by JULIE B. MAGLIO
(Aug. 1, 2019) Garbage pickup is very important. When it suddenly stops, it can be frustrating for anybody, but it’s even worse for elderly or disabled residents who have trouble communicating, moving around or have a fragile state of health.
Lilyan Vannerson is 86 years old. She speaks in a broken staccato manner, since she has trouble breathing.
She lives in a quiet, rural area of Hernando County on the property her parents purchased in 1949. They were dairy farmers that moved up from Clearwater.
She happens to be my neighbor. I only met her last Thursday, when she phoned our office out of exasperation.
She is a Republic Services customer, but her garbage hadn’t been picked up by the company since June 20. From my understanding of the situation, she never received a blue trash bin and they stopped her service on June 20. Since June 20, she called the company on multiple occasions trying to get a blue trash bin and her service reinstated.
In the meantime, she paid others to take her trash to the dump for her.
I met with Lilyan and her caregiver later that day after she called our office. It’s a bumpy ride on a country road out to her home.
We spoke again about her frustrating situation. She was having a lot of difficulty getting out the words as she quickly became out of breath. The subject matter made her condition worse.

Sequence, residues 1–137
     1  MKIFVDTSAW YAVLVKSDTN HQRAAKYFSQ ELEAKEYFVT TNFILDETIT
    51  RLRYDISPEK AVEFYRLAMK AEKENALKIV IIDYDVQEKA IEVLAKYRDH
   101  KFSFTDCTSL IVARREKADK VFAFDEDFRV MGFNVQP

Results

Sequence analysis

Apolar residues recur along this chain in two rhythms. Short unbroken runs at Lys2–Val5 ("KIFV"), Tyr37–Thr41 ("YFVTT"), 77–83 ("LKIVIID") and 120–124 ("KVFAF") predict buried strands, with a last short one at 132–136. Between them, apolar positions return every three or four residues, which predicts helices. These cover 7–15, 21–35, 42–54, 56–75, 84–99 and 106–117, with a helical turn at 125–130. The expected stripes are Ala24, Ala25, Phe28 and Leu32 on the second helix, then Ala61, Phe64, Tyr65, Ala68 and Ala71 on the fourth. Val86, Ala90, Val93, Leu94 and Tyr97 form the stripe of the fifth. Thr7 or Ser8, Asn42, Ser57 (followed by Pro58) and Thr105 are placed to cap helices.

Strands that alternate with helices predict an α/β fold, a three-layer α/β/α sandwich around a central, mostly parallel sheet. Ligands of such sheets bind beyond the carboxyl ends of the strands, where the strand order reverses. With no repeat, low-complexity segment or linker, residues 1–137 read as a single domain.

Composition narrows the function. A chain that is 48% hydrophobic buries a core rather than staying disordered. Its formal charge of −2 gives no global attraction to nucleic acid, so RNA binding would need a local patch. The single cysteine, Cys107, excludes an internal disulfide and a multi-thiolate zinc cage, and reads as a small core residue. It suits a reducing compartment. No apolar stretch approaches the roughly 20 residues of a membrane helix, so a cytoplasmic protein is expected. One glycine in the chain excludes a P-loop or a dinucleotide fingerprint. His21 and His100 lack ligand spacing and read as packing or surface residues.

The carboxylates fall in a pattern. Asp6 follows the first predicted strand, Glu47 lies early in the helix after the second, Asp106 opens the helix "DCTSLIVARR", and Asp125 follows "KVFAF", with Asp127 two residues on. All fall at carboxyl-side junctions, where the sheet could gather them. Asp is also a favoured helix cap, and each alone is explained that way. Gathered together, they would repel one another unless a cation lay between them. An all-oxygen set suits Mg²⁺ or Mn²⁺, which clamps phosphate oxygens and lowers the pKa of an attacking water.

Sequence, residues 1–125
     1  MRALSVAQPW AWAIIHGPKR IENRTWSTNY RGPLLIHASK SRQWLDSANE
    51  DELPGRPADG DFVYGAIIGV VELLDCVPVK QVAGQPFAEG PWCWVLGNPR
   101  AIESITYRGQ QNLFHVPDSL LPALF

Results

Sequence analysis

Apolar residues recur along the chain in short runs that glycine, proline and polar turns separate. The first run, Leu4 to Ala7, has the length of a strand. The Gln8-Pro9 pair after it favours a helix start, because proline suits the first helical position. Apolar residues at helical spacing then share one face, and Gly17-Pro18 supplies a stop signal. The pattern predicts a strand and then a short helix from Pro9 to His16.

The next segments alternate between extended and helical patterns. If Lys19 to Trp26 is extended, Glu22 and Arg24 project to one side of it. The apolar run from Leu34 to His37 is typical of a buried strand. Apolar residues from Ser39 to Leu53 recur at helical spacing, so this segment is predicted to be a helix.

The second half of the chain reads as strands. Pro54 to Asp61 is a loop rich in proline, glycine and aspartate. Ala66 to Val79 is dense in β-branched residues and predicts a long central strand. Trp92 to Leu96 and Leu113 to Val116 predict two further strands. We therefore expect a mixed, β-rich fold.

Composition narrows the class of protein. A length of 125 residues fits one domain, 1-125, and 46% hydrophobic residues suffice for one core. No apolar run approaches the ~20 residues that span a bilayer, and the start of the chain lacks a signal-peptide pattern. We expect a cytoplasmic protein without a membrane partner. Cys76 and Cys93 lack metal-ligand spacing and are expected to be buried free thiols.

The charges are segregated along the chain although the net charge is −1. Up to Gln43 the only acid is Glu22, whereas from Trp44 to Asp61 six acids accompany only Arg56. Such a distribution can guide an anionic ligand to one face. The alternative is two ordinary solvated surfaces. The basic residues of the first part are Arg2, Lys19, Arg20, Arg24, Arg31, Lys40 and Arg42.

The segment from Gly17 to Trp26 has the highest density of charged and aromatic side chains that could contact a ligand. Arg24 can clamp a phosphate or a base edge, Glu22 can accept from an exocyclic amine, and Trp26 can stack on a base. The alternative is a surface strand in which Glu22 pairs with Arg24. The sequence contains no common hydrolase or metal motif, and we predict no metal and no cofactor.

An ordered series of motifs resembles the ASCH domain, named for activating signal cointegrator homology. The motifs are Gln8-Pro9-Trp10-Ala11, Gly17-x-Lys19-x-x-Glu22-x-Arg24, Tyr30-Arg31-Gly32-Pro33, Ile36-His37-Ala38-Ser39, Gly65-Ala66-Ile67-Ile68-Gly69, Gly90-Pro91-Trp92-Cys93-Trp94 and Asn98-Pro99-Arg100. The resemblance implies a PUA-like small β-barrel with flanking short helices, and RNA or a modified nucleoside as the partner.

I asked if we could call Republic Services to find out additional information. Mrs. Vannerson has their number saved in her phone contacts and easily made the call. She quickly became out of breath as she spoke to Denise, the customer service representative. I cordially asked if we could record the conversation.
Denise at the Republic Services call center said that a manager had escalated the issue and Mrs. Vannerson would be receiving her trash bin the next day as it was scheduled for delivery. Denise also explained that a credit had been applied to the account for non-service. After the phone call ended, Mrs. Vannerson said she did not expect to see a blue bin anytime soon as they told her every time she called that she’d be receiving one the next day.
I spoke with Lilyan a little longer and left hoping that she’d receive her trash bin soon. I drove out along the bumpy road, back to the main road, but only got about halfway. A truck was traveling towards me. Probably her son who lives next door, I thought. I pulled off the side of the road so the truck could go by. As the truck approached alongside, a large trailer full of blue trash bins came into view and my heart practically leapt from my chest. I pointed the driver towards Lilyan’s home and told him he’s just made an 86-year-old woman very happy.
I couldn’t resist driving back up to the house so I could see Lilyan’s reaction. She was in disbelief, but extremely elated.
“I can’t believe it, Julie,” she said. She also thanked me, but I told her that I didn’t think I had anything to do with it. “Come back and visit me sometime,” she asked. I said, “Of course, we’re neighbors.”